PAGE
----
The United States has strict entry requirements for individuals with criminal records. However, having a criminal record does not automatically mean that you will be refused entry. Depending on the nature and severity of your charges, you may be able to enter the country by applying for a waiver. Some waivers are available at the border while others require an application filed in advance. There are many myths surrounding traveling to the US with a criminal record. A few common misconceptions include being banned from traveling into America for life, being banned from traveling if you have ever been arrested or convicted of any crime, and being banned from re-entering the country if you overstay your visa or leave for some other reason before it expires.

Myth 6 – Juvenile Crimes Don’t Matter

While it’s true that not all crimes are created equal, and that some are less serious than others, any type of criminal record can potentially impact your ability to travel. This is especially true for juvenile crimes, which are often seen as less serious than adult crimes. However, in the eyes of the US government, a crime is a crime, and any type of criminal record can make it more difficult to obtain a visa.

Myth 7 – Only Violent Offenses Are Grounds for Denial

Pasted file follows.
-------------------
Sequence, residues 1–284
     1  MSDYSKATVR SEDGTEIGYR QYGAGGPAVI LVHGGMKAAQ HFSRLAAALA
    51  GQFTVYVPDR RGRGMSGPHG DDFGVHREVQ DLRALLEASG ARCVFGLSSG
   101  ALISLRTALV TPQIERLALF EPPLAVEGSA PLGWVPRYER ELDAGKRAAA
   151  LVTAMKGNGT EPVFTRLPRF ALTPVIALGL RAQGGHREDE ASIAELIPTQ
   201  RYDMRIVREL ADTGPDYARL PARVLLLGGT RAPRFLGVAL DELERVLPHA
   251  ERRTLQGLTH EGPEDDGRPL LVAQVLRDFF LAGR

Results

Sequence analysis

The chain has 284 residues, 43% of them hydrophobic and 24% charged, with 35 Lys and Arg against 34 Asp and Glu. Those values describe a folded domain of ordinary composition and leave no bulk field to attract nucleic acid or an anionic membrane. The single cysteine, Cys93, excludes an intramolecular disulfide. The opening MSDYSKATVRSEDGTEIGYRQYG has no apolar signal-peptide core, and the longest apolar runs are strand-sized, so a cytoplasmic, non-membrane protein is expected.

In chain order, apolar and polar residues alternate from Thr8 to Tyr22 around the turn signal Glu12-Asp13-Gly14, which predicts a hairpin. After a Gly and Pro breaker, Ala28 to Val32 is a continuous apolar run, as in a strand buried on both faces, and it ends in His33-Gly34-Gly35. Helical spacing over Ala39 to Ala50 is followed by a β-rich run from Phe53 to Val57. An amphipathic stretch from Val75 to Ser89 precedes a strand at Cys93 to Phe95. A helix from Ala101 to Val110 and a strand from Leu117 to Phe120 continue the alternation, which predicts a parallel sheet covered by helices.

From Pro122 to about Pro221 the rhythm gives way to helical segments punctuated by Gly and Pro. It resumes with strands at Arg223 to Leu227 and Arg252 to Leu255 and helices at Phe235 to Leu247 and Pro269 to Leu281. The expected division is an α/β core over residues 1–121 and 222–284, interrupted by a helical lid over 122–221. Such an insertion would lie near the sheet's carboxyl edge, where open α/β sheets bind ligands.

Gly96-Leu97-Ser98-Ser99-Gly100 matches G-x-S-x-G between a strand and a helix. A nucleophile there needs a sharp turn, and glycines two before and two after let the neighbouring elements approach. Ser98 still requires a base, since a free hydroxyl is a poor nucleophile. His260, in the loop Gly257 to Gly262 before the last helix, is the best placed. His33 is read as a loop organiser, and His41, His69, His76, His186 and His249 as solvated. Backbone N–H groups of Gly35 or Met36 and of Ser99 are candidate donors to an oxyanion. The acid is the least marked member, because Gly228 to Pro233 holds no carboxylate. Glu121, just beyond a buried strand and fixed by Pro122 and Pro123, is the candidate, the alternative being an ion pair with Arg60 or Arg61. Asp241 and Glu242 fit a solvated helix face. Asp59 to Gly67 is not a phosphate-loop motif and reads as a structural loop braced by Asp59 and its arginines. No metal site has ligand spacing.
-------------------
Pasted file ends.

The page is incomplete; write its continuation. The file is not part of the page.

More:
Many people believe that only violent offenses are grounds for denial when traveling to the United States with a criminal record. However, this is not the case. Any offense, no matter how minor, can be used as a reason for denial. Even if you were convicted of an offense that would normally be considered petty or nonviolent, it could still result in your being denied entry into the U.S. If you have been convicted of an offense and are unsure whether or not it would affect your ability to enter the U.S., it’s best to speak with an immigration lawyer before traveling to ensure you have all of your bases covered!

Myth 8 – You Can Enter Without Approval from Immigration and Customs Enforcement (ICE)

If you have been convicted of a crime, you will need to obtain approval from ICE before traveling to the United States. This is done by applying for a waiver, which can be a lengthy and expensive process. However, it is possible to obtain a waiver and there are many success stories of people doing so. It is worth noting that in order to apply for a waiver, you must wait at least five years after your sentence has ended or your release from custody if you were incarcerated. Even then, if your conviction was classified as an aggravated felony or has resulted in multiple convictions, this can make obtaining a waiver difficult.

Myth 9 – If I have crossed the border without  a pardon before many times, I won’t be denied entry in the future

One of the most common myths about traveling to the US with a criminal record is that if you’ve been able to cross the border before, you’ll never be denied entry again. This is simply not true. A person may have entered the country and received a waiver for their conviction, but this does not mean they will always be able to enter the country in the future. There are many other reasons why someone may be denied entry, such as committing crimes while visiting or living in another country. The severity of these crimes and how recently they were committed will determine whether or not someone can obtain a travel waiver. If an individual has multiple convictions or has committed serious offenses, it is unlikely that he/she would be eligible for a travel waiver.